Once again, it is not limited to certain websites (that was the point of the post that you are replying to). Consider Anita Sarkeesian, the person who created a Kickstarter for a video series called “Tropes vs. Women in Video Games”. She was harassed on YouTube and on Wikipedia. Someone even created a game where each click on a picture of Sarkeesian’s face was a “punch” that resulted in her face getting bloody and bruised. When another woman tweeted against the game and its creator, she also received rape and death threats. These women were not on “kotaku or wherever”. So please stop suggesting that a female game reviewer will not be harassed if she just finds the right website.
Do you actually have any evidence that this is limited to teenage boys? Other people seem to think differently:
Like Ms. Sarkeesian, many women gamers are documenting their experiences on blogs like “Fat, Ugly or Slutty” (whose name comes from the typical insults women receive while playing against others online). It cheekily catalogs the slurs, threats and come-ons women receive while playing games like Resident Evil or Gears of War 3.
The blog publishes screenshots and voice recordings that serve as a kind of universal citation in each new controversy, called upon to settle debates or explode myths. For instance, many of the site’s recordings feature deep voices captured from the chat features of online games, debunking the widely held belief that bad behavior begins and ends with 13-year-old boys.
In fall 2011, I had the honor of being in the Xbox Gamer Spotlight, a weekly feature where a different gamer’s profile is put up for view in the Xbox Live dashboard or on the Xbox Live website. My profile and avatar (which I fashioned to resemble me as closely as possible) was on display for anyone and everyone with an Xbox Live account to see—and that’s a lot of people (more than 12 million Gold subscribers as of last fall). In the resulting week, I received over 1,000 messages in my inbox. Because I am getting my Ph.D. in sociology, I like to record everything for study, so I decided to catalog the messages. The majority were congratulatory. The next most frequent type of message I eventually categorized as “Come-Ons or Denigration,” including slurs, rape fantasies, and two pictures of male genitalia. Adult male genitalia, for anyone who might be tempted to dismiss such harassment as the work of a group of immature 12-year-old boys.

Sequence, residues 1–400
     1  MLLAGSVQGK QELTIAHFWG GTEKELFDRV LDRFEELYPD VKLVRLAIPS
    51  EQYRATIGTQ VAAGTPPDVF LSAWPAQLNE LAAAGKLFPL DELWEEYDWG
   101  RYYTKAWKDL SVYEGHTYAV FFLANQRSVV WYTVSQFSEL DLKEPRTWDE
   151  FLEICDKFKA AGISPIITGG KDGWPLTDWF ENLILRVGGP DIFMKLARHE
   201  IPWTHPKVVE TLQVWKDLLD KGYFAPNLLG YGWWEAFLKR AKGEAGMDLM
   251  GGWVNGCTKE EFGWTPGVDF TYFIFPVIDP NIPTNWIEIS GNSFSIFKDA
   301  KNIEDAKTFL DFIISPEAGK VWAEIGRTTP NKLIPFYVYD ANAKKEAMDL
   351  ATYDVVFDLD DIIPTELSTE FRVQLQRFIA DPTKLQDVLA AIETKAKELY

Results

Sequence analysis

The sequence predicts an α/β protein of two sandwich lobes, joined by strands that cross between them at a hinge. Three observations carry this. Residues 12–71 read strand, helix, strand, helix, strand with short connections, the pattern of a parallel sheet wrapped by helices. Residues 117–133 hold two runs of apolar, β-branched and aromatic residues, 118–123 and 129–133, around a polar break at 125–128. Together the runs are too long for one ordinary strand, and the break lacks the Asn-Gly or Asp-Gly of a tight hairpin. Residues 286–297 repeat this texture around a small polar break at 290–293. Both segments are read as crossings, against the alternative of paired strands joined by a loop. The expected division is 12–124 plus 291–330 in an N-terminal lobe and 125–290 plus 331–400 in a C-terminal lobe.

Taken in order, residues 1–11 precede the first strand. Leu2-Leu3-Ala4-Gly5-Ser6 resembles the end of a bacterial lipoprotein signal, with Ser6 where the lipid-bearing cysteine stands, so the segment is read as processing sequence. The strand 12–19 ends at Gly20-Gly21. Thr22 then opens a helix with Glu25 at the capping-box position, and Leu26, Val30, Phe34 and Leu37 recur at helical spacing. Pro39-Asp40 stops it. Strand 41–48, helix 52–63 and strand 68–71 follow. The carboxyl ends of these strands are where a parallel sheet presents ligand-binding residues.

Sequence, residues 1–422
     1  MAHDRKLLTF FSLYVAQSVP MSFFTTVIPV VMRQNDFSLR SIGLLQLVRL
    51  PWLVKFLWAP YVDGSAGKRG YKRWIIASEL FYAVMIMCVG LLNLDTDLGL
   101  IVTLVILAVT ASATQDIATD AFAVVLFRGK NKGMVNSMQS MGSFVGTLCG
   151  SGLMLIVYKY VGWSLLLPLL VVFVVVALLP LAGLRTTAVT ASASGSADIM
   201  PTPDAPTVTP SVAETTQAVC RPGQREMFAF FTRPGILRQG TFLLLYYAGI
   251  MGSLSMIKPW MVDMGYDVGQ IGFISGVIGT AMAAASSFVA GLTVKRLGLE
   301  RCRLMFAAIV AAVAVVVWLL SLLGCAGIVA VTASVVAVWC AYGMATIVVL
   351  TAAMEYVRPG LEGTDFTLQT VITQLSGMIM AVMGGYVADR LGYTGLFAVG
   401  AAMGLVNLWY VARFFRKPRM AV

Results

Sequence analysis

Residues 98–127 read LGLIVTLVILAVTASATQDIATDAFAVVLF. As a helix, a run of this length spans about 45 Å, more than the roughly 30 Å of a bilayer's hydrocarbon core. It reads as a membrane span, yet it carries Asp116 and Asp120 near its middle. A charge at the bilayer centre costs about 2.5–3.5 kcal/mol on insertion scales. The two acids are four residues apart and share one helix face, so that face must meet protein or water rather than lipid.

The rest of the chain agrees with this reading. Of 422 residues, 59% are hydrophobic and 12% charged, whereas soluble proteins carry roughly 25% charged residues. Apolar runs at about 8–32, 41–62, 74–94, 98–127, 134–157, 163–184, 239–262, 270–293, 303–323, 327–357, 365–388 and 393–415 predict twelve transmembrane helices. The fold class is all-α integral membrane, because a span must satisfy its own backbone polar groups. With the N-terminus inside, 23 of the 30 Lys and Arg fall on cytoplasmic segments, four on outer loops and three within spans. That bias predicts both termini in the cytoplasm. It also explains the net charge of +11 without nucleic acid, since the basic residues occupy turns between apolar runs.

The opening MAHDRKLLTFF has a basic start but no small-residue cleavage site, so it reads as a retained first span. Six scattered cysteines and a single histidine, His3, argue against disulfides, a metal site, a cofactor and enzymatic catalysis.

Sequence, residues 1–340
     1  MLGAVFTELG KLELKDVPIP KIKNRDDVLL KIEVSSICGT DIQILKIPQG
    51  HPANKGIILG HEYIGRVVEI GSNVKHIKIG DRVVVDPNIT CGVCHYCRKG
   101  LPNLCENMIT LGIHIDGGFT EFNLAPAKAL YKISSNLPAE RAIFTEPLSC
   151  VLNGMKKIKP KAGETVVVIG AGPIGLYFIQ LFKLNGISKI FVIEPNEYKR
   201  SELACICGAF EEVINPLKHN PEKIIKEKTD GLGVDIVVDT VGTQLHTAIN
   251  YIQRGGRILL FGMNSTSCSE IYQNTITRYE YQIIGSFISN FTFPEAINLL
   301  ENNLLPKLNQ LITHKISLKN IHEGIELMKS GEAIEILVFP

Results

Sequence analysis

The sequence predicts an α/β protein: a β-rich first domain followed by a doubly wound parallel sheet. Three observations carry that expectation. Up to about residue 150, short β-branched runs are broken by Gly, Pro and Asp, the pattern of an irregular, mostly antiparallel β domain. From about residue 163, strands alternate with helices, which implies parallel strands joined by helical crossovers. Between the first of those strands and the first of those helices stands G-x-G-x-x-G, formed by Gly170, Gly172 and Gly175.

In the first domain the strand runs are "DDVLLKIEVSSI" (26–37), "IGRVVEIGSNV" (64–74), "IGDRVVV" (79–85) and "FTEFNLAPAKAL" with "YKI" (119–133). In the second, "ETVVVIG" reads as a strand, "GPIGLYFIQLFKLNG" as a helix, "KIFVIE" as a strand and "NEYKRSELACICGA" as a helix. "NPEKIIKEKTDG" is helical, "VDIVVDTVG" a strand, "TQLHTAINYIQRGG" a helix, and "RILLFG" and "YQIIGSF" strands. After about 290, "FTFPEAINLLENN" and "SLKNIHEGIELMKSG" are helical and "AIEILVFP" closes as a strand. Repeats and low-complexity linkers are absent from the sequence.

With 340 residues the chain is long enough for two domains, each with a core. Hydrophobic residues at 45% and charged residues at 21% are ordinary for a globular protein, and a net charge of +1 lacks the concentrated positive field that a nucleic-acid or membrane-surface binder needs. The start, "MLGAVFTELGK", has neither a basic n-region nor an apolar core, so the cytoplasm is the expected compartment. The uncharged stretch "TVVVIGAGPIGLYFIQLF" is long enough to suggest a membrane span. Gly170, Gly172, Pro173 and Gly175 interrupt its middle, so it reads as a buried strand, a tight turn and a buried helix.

This is something I’ve heard plenty: Oh, these are just misguided kids. But according to the Entertainment Software Association, the average gamer is more than 30 years old, and 68 percent of gamers are over the age of 18. So to chalk all of this ugliness up to immature boys who just need to “grow up” does nothing but turn a blind eye to the very real problem—a problem that leads some young women to avoid voice communications, hide their gender in their profiles, or give up on online gaming altogether.
Acting like this is limited to teenagers seems like a poor attempt to downplay the seriousness of the harassment that these women receive. I also disagree that this sort of behavior is merely “trolling” that women should just expect and accept:
When Miranda Pakozdi entered the Cross Assault video game tournament this year, she knew she had a slim chance of winning the $25,000 prize. But she was ready to compete, and promised fans watching online that she would train just as hard as, if not harder than, anyone else.
Over six days of competition, though, her team’s coach, Aris Bakhtanians, interrogated her on camera about her bra size, said “take off your shirt” and focused the team’s webcam on her chest, feet and legs. He leaned in over her shoulder and smelled her.
Ms. Pakozdi, 25, an experienced gamer, has said she always expects a certain amount of trash talk. But as the only woman on the team, this was too much, especially from her coach, she said. It was after she overheard Mr. Bakhtanians defending sexual harassment as part of “the fighting game community” that she forfeited the game.
The guy also defended the use of the word “rape” and phrases like “rape that bitch”.
At some point, it may get better for female gamers. I, however, accept the fact that many women do not want to be “trolled”. They do not want to receive rape and death threats. They do not want to have their websites and email accounts hacked. They do not want their home addresses posted online. So I am not going to tell another woman that she should put herself in such a position. I am not going to pretend that there is some way to magically prevent a woman from being harassed.